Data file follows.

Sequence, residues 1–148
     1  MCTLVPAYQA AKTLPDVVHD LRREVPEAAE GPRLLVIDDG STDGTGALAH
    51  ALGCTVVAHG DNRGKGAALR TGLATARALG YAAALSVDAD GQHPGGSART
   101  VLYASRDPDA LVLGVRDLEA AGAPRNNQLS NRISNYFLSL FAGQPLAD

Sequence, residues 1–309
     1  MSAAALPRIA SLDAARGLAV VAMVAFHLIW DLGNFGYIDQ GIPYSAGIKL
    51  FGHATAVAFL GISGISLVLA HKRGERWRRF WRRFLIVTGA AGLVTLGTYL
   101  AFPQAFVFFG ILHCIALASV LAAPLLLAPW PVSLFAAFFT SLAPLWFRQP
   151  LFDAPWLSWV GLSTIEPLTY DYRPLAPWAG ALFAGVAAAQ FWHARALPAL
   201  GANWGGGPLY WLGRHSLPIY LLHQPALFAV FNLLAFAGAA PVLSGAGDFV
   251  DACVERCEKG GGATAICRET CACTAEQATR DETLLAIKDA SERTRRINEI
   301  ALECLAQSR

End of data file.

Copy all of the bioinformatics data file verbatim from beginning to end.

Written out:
Sequence, residues 1–148
     1  MCTLVPAYQA AKTLPDVVHD LRREVPEAAE GPRLLVIDDG STDGTGALAH
    51  ALGCTVVAHG DNRGKGAALR TGLATARALG YAAALSVDAD GQHPGGSART
   101  VLYASRDPDA LVLGVRDLEA AGAPRNNQLS NRISNYFLSL FAGQPLAD

Sequence, residues 1–309
     1  MSAAALPRIA SLDAARGLAV VAMVAFHLIW DLGNFGYIDQ GIPYSAGIKL
    51  FGHATAVAFL GISGISLVLA HKRGERWRRF WRRFLIVTGA AGLVTLGTYL
   101  AFPQAFVFFG ILHCIALASV LAAPLLLAPW PVSLFAAFFT SLAPLWFRQP
   151  LFDAPWLSWV GLSTIEPLTY DYRPLAPWAG ALFAGVAAAQ FWHARALPAL
   201  GANWGGGPLY WLGRHSLPIY LLHQPALFAV FNLLAFAGAA PVLSGAGDFV
   251  DACVERCEKG GGATAICRET CACTAEQATR DETLLAIKDA SERTRRINEI
   301  ALECLAQSR